We’ve all heard that smoking cigarettes is bad for our health, but exactly how bad? You might think – what’s the worst thing that could happen? Or you might think that you’re an exception to the rule and you won’t have any major health problems.

You could regret these thoughts once you’re diagnosed with a serious disease, so try harder to quit this habit. Most people think that smoking will only lead to lung cancer or other pulmonary problems. However, you could get diagnosed with breast cancer if you smoke throughout your lifetime.

The American Cancer Society found through a research study that breast cancer risk is increased among women who smoke especially those who start smoking before giving birth to their first child. One study published in the Journal of the National Cancer Institute in 2013 followed more than 73,000 women over a thirteen-year period. The cases of invasive breast cancer during the follow-up was 24 percent higher in smokers than nonsmokers and 13 percent higher in former smokers.

Additionally, the Collaborative Breast Cancer Study found that breast cancer survivors who are smokers and continue to smoke after being diagnosed are more likely to die from the disease than those who have never smoked, according to the American Cancer Society.

These patients were also more likely to die from cardiovascular disease and respiratory conditions. Research backing up these finding was published in the Journal of Clinical Oncology in 2016. The study was completed by researchers from the University of Wisconsin, Dartmouth College, and Harvard University.

More than 20,000 women between 1998 and 2008 were followed. The highest risk of death was found among long-term smokers, those who smoked heavily, or former smokers who only quit less than five years ago.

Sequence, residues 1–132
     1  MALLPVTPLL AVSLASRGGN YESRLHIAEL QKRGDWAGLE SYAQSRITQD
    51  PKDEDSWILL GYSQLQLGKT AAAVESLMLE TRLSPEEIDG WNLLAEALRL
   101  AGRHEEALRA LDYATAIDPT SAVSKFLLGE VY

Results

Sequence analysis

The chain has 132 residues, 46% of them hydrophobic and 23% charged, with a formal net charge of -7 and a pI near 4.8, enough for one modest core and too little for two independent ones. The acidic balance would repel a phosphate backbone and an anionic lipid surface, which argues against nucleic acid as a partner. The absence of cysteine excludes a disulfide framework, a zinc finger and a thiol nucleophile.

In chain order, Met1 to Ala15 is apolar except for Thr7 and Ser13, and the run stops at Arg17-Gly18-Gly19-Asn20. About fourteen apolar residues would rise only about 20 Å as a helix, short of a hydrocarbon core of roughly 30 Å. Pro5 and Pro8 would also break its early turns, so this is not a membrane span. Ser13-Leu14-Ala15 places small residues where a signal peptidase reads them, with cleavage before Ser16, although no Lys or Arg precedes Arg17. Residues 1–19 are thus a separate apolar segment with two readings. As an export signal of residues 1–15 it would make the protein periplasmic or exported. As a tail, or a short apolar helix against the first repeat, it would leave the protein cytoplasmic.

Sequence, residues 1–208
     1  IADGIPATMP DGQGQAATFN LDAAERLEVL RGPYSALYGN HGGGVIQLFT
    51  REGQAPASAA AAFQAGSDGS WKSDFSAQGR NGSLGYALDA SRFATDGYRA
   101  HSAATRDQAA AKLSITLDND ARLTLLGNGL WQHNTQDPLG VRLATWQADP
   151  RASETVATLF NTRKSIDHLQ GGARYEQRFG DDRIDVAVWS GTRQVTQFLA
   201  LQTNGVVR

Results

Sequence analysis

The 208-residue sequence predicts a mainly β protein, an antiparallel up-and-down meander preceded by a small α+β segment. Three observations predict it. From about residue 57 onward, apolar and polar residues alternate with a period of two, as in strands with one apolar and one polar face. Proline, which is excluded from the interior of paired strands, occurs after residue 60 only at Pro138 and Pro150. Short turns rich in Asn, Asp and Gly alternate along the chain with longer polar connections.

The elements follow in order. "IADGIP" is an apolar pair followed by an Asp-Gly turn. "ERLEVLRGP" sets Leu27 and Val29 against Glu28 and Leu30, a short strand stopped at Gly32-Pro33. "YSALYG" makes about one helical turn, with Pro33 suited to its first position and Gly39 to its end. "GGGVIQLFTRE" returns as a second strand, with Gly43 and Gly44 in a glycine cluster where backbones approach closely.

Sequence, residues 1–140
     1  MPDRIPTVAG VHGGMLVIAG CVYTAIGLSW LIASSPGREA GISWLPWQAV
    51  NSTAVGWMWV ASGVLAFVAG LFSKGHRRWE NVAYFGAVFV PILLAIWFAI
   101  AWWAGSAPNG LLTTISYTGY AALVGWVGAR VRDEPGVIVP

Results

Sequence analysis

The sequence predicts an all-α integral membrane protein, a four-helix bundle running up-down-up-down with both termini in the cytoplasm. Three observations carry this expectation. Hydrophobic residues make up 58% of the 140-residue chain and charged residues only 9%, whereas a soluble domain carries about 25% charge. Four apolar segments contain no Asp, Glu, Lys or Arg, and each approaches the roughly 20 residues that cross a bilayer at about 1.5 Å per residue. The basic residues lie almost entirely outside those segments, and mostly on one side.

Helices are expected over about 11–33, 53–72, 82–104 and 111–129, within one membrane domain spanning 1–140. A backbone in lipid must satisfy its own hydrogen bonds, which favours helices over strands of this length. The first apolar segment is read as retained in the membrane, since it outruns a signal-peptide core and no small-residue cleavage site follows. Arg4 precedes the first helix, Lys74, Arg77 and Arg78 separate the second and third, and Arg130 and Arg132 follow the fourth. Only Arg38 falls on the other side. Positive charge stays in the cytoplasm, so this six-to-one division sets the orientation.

Clearly, smoking is harmful to the health of both cancer-free individuals as well as breast cancer survivors. Another important finding to point out is the risk of radiotherapy for long-term smokers.

A recent study published this year in the Journal of Clinical Oncology finds that long-term smokers undergoing breast cancer treatment may actually face serious risks from radiotherapy that don’t outweigh the benefits. For nonsmokers and former smokers, however, the benefits of radiotherapy for breast cancer treatment outweighed the risks.

“The absolute hazards from modern breast cancer radiotherapy regimens for typical patients depend on the lung and heart doses from modern regimens, the excess rate ratios per Gy for lung cancer and heart disease, and further lung cancer and heart disease mortality rates in the general population,” Carolyn Taylor, DPhil, clinical research fellow at Nuffield Department of Population Health at University of Oxford, and colleagues wrote.

“Women who smoke throughout adulthood have approximately 20 times the lung cancer mortality rates and four times the cardiac mortality rates of nonsmokers. Particularly for lung cancer, therefore, the absolute risks from breast cancer radiotherapy could be appreciable for smokers, even if they are small for nonsmokers. Hence, absolute risks of radiotherapy should be estimated separately for smokers and nonsmokers.”

Clearly, smoking has many impacts on breast cancer treatment and survival for breast cancer patients. To reduce your risk of breast cancer, you will need to quit smoking. The American Lung Association has a program called Freedom From Smoking that may help you quit the habit and improve your health for years to come.

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